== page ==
Abstract: Mechanics of Seismic Q

Seismic-wave attenuation and dispersion are studied in most geophysical curricular and broadly used in both academic and applied research. Applications of these concepts include identification of gas reservoirs and chimneys from frequency-dependent seismic amplitudes, analysis of frequency dependent P-and S-wave velocities, interpretation of the effects of porosity and fluid saturation using laboratory experiments with rock samples, amplitude- and Q-variation with offset studies, time-lapse data analysis and reservoir monitoring, and Q-compensation increasing the resolution of reflection seismic sections. Attenuation effects are also included in many algorithms for waveform modeling, imaging, and full-waveform inversion.

Despite such long-established and often routine use, interpretations of seismic attenuation still contains several popular misconceptions about its nature. The key misconception consists in the core assumption that the energy dissipation rate in a wave-propagating medium can be described regardless of the physical mechanism, by a phenomenological property called the “Q-factor”. This material property was suggested from observations of rock creep in materials science (Lomnitz, 1957) and almost simultaneously introduced in seismology (e.g., Knopoff, 1956). This model describing the wave attenuation and dispersion by spatially- and (often) frequency-dependent Q-factors of the medium is usually called the viscoelastic (VE) model. However, already at that time, at the end of his famous paper entitled “Q”, Knopoff (1964) pointed out an important difficulty of the VE model for the Earth’s mantle. Unfortunately, the analysis of the physical consistency of this model was not pursued further at that time, and we need to continue it today.

The controversial subtlety of the concept of Q can be seen from the fact that it is used both as an observed quantity (measured in various experiments) and an in situ medium property (such as determining the frequency dependences of wave speeds). For example, by assigning Q values to thin rock layers, Qadrouh et al. (2018) recently compared several averaging formulas for layered media, similarly to averaging the density or elastic moduli. Measurements of the strain-stress ratios and phase lags for rock samples in the laboratory are often called “direct observations” of seismic attenuation and velocity dispersion (Batzle et al., 2014). In a study further considered in this paper, Pimienta et al. (2015) examine the empirical frequency dependencies of Q-1(f) for sandstone samples and identify the characteristic frequencies (“transitions”), which presumably also occur within these rocks at field conditions. However, note that if a material property denoted Q(f) could indeed be measured so directly, this would be the only such case in physics! In physics, in order to determine some property of the medium (for example, wave speed), we typically have to measure some other quantities (such as distance and time in this case) and utilize the appropriate physical theories.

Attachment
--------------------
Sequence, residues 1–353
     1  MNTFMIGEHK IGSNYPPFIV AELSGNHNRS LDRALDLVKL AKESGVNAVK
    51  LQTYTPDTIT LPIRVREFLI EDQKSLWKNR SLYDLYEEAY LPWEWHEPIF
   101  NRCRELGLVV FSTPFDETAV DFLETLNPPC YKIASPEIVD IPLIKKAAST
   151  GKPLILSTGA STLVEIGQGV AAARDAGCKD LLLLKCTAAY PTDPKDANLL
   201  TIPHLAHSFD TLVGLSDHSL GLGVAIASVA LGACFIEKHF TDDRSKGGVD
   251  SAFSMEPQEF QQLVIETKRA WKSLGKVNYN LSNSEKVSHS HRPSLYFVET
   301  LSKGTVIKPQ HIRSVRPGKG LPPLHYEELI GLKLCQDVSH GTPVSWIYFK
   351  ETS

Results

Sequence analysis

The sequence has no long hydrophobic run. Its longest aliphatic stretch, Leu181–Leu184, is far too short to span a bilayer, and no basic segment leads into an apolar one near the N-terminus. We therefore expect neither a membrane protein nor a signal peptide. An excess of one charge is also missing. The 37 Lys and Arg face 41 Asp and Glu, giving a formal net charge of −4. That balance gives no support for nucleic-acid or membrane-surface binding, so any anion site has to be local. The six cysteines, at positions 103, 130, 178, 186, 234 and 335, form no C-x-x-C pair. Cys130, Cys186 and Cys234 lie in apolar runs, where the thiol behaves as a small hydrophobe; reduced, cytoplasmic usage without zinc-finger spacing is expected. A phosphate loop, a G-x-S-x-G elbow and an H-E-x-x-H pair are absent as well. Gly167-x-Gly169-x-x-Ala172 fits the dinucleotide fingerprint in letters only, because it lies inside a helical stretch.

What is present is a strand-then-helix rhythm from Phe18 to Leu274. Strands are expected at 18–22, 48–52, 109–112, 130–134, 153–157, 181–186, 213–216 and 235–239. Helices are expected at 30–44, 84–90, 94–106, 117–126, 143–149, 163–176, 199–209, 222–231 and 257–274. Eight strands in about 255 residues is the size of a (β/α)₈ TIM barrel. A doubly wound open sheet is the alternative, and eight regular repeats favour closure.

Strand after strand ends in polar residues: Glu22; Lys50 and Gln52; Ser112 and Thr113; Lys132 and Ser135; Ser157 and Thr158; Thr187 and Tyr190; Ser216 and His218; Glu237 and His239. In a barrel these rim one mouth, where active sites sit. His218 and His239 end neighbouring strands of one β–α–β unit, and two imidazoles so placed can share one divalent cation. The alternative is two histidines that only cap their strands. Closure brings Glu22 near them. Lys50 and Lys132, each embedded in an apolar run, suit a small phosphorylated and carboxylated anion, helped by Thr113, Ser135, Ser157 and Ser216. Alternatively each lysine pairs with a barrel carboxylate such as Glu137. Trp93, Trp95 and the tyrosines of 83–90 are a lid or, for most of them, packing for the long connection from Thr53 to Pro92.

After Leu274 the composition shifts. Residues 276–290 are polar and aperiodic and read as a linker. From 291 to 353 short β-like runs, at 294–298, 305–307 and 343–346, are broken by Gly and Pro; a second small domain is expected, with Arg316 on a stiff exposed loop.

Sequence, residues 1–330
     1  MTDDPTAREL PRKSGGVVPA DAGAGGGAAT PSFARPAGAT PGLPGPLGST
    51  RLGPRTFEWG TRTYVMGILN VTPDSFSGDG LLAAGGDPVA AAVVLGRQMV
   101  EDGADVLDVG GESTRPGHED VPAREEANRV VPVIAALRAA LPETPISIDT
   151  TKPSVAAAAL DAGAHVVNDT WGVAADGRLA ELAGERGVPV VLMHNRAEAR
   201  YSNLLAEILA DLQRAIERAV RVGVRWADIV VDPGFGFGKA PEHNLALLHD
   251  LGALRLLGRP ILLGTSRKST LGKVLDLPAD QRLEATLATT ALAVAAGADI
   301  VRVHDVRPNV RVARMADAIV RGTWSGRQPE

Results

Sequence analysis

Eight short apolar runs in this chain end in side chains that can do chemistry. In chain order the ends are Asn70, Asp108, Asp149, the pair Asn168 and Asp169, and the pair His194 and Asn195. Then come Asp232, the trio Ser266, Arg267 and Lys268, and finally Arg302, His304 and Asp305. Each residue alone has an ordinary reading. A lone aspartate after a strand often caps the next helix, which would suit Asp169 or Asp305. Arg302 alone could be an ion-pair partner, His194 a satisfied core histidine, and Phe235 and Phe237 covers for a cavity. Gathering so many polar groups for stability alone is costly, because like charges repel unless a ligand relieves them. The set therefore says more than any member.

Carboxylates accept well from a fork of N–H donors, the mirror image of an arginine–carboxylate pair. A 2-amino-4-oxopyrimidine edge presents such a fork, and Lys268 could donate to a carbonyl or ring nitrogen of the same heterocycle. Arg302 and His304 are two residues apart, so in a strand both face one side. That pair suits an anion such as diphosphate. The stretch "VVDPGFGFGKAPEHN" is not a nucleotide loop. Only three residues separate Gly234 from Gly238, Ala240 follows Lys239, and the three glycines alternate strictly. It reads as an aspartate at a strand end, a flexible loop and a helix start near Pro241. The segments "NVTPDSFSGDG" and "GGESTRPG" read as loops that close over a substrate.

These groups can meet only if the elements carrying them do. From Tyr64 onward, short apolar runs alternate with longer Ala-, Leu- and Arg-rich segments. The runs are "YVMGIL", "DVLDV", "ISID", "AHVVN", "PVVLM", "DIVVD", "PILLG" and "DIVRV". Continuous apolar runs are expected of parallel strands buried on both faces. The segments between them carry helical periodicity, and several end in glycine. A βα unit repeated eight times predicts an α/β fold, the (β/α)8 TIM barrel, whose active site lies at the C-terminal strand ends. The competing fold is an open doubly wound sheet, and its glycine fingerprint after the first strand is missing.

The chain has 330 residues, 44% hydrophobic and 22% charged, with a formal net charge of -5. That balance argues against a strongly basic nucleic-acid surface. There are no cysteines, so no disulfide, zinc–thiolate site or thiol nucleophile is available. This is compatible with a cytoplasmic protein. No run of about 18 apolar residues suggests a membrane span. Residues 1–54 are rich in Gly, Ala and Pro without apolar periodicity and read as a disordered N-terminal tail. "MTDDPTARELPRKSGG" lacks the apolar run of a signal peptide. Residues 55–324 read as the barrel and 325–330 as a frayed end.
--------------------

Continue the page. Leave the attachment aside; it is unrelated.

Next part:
With regard to the seismic Q factor, the understanding of its meaning and implications for modeling or interpreting seismic attenuation is still far from being sufficient. In the following section, I consider the physical meaning of the Q-factor by focusing on three general points:

  1. The Q is usually an empirical, or “apparent” quantity, which is specific to practically every type of deformation and experimental set-up an not simply related to material properties. This variability of Q is much broader than the usual differentiation of the Q-factors attributed to the bulk and shear moduli, or the differences between the “intrinsic” and “scattering” Qs. For example, Morozov and Deng (2018a) showed that the bulk-modulus attenuation (Q-1) measured in a 8-cm long sandstone specimen by Pimienta et al. (2015) is about ten times greater than the Q-1 measured in a traveling wave at the same frequency.
  2. Although the VE model often leads to plausible predictions of decaying amplitudes and dispersive waveforms, such predictions are achieved phenomenologically, by using the “correspondence principle” to insert the expected effective Q values into the “VE moduli” and wave equations. However, the correspondence principle is physically unjustified for waves, and particularly for porous rock (White, 1986).
  3. Furthermore, the VE model is incomplete for heterogeneous media, which include practically all cases of interest in seismology. This model lacks boundary- condition relations for the internal variables on material-property contrasts. However, similarly to fluid-saturated porous rock, boundary conditions should often dominate the attenuation and dispersion effects.

The above arguments show that the Q model alone is often inaccurate and/or insufficient for describing seismic-wave attenuation, particularly when links to quantitative interpretation and geomechanics are required. In section “Mechanical approach”, I summarize an alternate, rigorous-mechanics based approach not relying on a Q.


Igor B. Morozov received his Ph.D. (1985) in theoretical physics from Moscow State University (Russia). He studies seismology at scales ranging from free oscillations, earthquake codas and nuclear explosions to deep crustal profiling, exploration, and highresolution. Recent research interests include seismic imaging and attributes, potential-field imaging, time-lapse seismic monitoring, seismic attenuation, theoretical rock physics, and integrated geophysical software. 


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